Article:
Kate Ross and her coauthors focus on inelastic neutron scattering data at low temperatures and high fields. At high fields, the system is adiabatically related to a fully polarized phase, where all the spins point along the field. This is confirmed by the very sharp dispersive spin-wave-like spectra seen in the experiments. This regime is also amenable to a semiclassical theoretical treatment, which allows them to calculate the dispersion of the spectral lines and spectral weights accurately, and compare with the experiments. The agreement for the best-fit exchange parameters is remarkably good throughout the Brillouin zone. This gives them confidence in their measurements.
Some of the spin-flip terms found in these materials are comparable to the classical terms responsible for the spin-ice constraint. These quantum mechanical processes can lead to two opposing tendencies at low temperatures. They can drive the system to a long-range ordered solid phase by lowering the energy of a particular configuration of spin ice more than the others. Or, they can lead to a highly resonating quantum spin-liquid phase . It is worth remembering that quantum liquids are extremely rare indeed. As a material, helium is the only quantum liquid; all other materials freeze into a solid phase.
Hermele et al. , following earlier work by Huse et al. , demonstrated theoretically the existence of a quantum spin-liquid phase in a spin-ice model, by mapping to an exactly soluble quantum dimer problem . They argued that in the vicinity of this soluble model there exists a special quantum phase with emergent gauge fields, photons, electric and magnetic monopoles [Fig. 1(b), left panel], and topological order . Quantum Monte Carlo simulations confirmed the existence of such a phase . However, the types of spin-flip terms in these materials are quite different from those studied in the simulations, and it remains to be seen if the specific model found by Ross et al. for can be efficiently studied by controlled numerical methods in zero field.
Ross et al. argue that should be a quantum spin liquid at low fields for two main reasons. First, their mean-field theory for an ordered state fails to describe the experiments. Second, at low fields the sharp dispersive modes give way to only diffuse neutron scattering, which implies an absence of conventional order and may reflect the emergence of new degrees of freedom, which do not couple to the neutrons in a simple way.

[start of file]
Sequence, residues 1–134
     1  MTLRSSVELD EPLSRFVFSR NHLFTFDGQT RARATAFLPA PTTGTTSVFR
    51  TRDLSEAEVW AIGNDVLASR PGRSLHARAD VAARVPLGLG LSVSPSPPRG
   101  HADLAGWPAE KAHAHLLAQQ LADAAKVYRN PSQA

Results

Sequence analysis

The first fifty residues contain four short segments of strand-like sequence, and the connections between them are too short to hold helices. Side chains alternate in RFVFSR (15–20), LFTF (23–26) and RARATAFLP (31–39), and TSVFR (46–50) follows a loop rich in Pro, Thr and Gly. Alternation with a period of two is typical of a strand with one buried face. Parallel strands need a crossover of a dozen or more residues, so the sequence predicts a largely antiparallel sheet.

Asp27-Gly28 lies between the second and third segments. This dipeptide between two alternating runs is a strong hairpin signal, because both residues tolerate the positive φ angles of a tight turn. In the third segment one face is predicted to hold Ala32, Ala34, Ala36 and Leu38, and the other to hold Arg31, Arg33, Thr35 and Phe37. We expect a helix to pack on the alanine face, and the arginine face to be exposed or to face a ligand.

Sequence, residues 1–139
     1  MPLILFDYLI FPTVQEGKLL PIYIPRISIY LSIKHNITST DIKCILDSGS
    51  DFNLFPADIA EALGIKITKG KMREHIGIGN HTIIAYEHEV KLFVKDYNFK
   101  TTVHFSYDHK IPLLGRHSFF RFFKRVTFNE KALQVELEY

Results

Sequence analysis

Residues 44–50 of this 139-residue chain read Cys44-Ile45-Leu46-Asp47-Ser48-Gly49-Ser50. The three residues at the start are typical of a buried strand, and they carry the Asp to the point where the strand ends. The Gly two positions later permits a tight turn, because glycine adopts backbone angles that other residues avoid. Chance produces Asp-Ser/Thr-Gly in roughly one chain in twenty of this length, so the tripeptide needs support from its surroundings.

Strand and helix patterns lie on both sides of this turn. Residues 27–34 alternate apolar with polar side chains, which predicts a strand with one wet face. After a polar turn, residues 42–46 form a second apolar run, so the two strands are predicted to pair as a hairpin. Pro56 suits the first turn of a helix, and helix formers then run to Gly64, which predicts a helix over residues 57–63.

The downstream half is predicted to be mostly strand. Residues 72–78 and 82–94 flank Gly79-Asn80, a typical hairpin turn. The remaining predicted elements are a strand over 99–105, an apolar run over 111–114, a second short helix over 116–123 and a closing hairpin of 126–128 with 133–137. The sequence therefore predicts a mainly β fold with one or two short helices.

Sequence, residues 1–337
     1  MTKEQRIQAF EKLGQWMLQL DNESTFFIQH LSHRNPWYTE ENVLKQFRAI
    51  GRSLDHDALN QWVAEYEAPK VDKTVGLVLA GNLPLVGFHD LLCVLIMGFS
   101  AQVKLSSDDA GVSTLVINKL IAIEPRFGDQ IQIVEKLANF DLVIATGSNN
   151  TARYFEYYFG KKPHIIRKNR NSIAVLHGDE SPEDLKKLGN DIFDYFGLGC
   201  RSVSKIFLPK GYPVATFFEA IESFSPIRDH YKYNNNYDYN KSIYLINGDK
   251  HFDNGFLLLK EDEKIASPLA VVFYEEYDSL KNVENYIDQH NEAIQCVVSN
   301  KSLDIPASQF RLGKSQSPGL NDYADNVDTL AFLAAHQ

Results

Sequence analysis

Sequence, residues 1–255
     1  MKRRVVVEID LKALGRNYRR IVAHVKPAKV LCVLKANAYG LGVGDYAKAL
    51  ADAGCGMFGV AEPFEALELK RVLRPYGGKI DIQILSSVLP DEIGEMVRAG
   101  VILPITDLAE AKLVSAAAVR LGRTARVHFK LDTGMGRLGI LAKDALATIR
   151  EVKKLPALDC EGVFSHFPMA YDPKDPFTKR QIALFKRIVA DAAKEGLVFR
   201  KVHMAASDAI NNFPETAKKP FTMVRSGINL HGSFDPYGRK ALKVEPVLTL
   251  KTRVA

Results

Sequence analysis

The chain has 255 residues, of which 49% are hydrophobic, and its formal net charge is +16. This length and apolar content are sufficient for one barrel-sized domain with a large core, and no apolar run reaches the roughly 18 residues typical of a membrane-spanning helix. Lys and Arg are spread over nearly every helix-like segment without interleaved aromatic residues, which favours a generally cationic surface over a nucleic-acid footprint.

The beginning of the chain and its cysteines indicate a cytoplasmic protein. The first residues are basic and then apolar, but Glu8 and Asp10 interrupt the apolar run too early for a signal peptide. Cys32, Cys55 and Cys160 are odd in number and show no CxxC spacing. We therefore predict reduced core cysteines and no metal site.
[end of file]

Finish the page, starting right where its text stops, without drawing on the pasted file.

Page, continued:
However, much work remains to be done. There is evidence of a finite-temperature anomaly in thermodynamic and spectral properties at a temperature an order of magnitude below the mean-field ordering temperature . This is not yet understood. Also, in the case of a quantum spin liquid, there must exist a quantum phase transition that separates it from the high-field polarized phase [Fig. 1(b), right panel]. Such a phase transition has not been precisely located. Clearly, the diffuse neutron scattering in the low-field phase contains important clues and its quantitative understanding will be essential for establishing the quantum spin-liquid behavior. Thermodynamic and spectroscopic signatures of the emergent photon mode, if found, would also be really exciting. However, the possibility of a more conventional phase, with either impurities or frozen-in domain walls, or both, has also not been ruled out.
The quest for a quantum spin-liquid phase with emergent properties remains one of the key goals of the field. These materials add to a small but growing list of experimental candidates. Hopefully, definitive results on real quantum spin liquids are not far away.
Support from the National Science Foundation grant number DMR-1004231 is gratefully acknowledged.